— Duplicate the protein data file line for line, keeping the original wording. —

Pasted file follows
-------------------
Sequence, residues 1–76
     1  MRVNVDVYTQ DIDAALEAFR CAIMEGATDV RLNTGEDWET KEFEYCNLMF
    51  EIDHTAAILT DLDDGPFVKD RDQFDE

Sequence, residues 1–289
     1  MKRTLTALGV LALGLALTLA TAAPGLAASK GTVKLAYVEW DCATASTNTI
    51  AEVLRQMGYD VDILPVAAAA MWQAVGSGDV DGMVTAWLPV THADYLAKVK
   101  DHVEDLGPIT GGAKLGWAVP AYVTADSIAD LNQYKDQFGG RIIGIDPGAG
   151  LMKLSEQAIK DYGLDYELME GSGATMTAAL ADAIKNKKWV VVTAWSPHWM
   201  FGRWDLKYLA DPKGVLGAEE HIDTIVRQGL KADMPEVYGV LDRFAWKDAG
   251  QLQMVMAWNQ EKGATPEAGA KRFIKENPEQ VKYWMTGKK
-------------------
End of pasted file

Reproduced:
Sequence, residues 1–76
     1  MRVNVDVYTQ DIDAALEAFR CAIMEGATDV RLNTGEDWET KEFEYCNLMF
    51  EIDHTAAILT DLDDGPFVKD RDQFDE

Sequence, residues 1–289
     1  MKRTLTALGV LALGLALTLA TAAPGLAASK GTVKLAYVEW DCATASTNTI
    51  AEVLRQMGYD VDILPVAAAA MWQAVGSGDV DGMVTAWLPV THADYLAKVK
   101  DHVEDLGPIT GGAKLGWAVP AYVTADSIAD LNQYKDQFGG RIIGIDPGAG
   151  LMKLSEQAIK DYGLDYELME GSGATMTAAL ADAIKNKKWV VVTAWSPHWM
   201  FGRWDLKYLA DPKGVLGAEE HIDTIVRQGL KADMPEVYGV LDRFAWKDAG
   251  QLQMVMAWNQ EKGATPEAGA KRFIKENPEQ VKYWMTGKK